Politics

Justin Trudeau issues updated marching orders to cabinet

Prime Minister Justin Trudeau issued updated mandate letters to his cabinet today, giving ministers direction on key pre-pandemic priorities and addressing new issues that have emerged with the global health crisis.

New mandate letters touch on pandemic, economic recovery and the green economy

Prime Minister Justin Trudeau has finally delivered supplementary mandate letters to cabinet ministers nearly four months after the September speech from the throne. (Sean Kilpatrick / Canadian Press)

Prime Minister Justin Trudeau issued updated mandate letters to his cabinet today, giving ministers direction on key pre-pandemic priorities and addressing new issues that have emerged with the global health crisis.

The prime minister had been promising to give his ministers fresh direction ever since he prorogued Parliament in August and had Gov. Gen. Julie Payette read a new speech from the throne in September.

The new mandate letters stress that "challenges that existed before the pandemic remain and others have been exacerbated." The letters also remind ministers that "nothing in this letter replaces any previous commitments or expectations."

"As a team, we are committed to doing whatever it takes, for as long as it takes, to keep Canadians safe and supported. These mandate letters outline the actions that our government will continue to take to fight this pandemic, keep people safe, and build a Canada that is stronger, more resilient and fairer for everyone," Trudeau said in a media statement today.

While it tasks Finance Minister Chrystia Freeland with deploying "whatever fiscal firepower is needed in the short term to support people and businesses during the pandemic," the minister's mandate letter also calls on her to help build "a greener, more inclusive and more prosperous economy."

All the mandate letters instruct ministers "to pursue complementary partnerships and initiatives that will support our work to exceed our emissions reduction target."

Newly appointed Transport Minister Omar Alghabra's to-do list includes efforts to "make zero-emissions vehicles cheaper" and measures to "invest in more charging stations."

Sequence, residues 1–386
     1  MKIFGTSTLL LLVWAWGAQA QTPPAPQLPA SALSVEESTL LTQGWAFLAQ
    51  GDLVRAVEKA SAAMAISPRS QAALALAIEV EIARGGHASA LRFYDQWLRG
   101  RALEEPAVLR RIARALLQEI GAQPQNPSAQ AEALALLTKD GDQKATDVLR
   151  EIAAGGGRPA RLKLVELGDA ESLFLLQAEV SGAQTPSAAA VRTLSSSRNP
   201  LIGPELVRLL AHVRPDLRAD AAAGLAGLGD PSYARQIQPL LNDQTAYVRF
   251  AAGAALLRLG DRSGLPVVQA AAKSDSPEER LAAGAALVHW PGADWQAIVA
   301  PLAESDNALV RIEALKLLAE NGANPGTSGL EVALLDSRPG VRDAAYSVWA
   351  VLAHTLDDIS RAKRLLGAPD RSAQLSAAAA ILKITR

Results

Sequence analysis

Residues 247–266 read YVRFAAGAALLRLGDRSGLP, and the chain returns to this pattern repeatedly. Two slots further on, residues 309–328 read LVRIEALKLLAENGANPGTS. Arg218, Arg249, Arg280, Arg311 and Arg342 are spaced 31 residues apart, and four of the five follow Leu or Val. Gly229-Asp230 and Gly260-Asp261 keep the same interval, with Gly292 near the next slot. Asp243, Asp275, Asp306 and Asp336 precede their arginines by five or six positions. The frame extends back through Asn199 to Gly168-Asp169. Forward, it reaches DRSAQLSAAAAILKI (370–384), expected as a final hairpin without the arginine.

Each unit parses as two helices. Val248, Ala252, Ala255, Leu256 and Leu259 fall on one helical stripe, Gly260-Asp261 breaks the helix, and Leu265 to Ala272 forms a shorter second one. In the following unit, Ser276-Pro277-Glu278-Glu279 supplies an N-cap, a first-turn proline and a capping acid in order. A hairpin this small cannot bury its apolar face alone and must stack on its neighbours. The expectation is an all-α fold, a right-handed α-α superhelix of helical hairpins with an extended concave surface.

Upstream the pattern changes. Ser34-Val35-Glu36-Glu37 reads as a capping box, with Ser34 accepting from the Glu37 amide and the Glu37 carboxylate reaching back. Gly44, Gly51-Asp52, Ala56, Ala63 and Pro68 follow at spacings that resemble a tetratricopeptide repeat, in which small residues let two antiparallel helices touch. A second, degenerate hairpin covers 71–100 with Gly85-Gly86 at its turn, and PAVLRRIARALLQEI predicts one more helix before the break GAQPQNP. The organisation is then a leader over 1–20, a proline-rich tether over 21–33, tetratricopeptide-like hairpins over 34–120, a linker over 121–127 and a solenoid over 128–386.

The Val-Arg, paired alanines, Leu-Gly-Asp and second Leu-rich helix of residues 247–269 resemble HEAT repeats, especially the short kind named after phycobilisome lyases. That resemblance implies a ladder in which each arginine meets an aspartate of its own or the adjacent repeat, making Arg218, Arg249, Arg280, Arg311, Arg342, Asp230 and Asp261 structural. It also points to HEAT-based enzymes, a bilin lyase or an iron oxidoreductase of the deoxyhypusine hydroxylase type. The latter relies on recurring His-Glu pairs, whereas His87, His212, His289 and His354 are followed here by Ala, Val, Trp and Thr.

Trudeau is also telling his ministers to ensure they further the work of Indigenous reconciliation, use science and evidence to ensure those hit hardest by the pandemic get the help they need and work with journalists to provide accurate information "in the face of a concerning spread of misinformation."

Protecting against voter fraud

Defence Minister Harjit Sajjan's mandate letter instructs him to step up the fight against racism, discrimination and sexual misconduct in the military.

The military has taken steps already on both fronts: a recently announced advisory panel that will investigate hateful conduct in the ranks and Operation Honour, the official campaign to stamp out sexual misconduct.

Sajjan's mandate letter also states that Trudeau expects the military to reach its diversity goals — notably the goal of having women make up 25 per cent of the Armed Forces by 2026. The military has been making slow progress toward that target and, at last report, had managed to hit only 16 per cent.

And in what might be a nod to recent events in the United States — where outgoing President Donald Trump has been accused of spreading disinformation by repeatedly making unfounded allegations of voter fraud in last fall's election — Trudeau instructed Sajjan to work closely with the Privy Council Office and Intergovernmental Affairs "to protect Canada's democratic institutions, including the federal electoral process, against foreign interference and disinformation, including cyber threats."

Sajjan is in charge of the Communication Security Establishment, the country's electronic spy agency and the institution responsible for cyber defence.

New laws against elder abuse

New Foreign Affairs Minister Marc Garneau has been directed to "work in close collaboration with other ministers to further strengthen our partnership with our closest ally, the United States."

Canada's tense relationship with China wasn't mentioned in Garneau's letter, beyond a reference to continuing "to provide timely consular advice and support to Canadians abroad."

Alghabra, who replaced Garneau at Transport, is being told also to work closely with his predecessor to implement lessons-learned from the destruction of Ukraine International Airlines Flight PS752, to take the lead on getting answers from Iran and to ensure the victims of the disaster are commemorated.

Alghabra was also tasked with ensuring that Canadians get refunds for air travel cancelled because of the pandemic, and to work on a financial assistance package for the airline industry.

Public Safety Minister Bill Blair was directed to work with Innovation Minister François-Philippe Champagne and industry to "safeguard Canada's world-leading research ecosystem, as well as our intellectual property-intensive businesses."

Immigration Minister Marco Mendicino has been asked "to fully support and protect workers who are vulnerable to COVID-19 and secure labour to fill workforce gaps in farming and food processing."

Seniors Minister Deb Schulte has been directed to work with Justice Minister David Lametti to draft new Criminal Code penalties for elder abuse and neglect. She's also been told to work with Health Minister Patty Hajdu to develop new national standards for long-term care in Canada.

With files from the CBC's Murray Brewster

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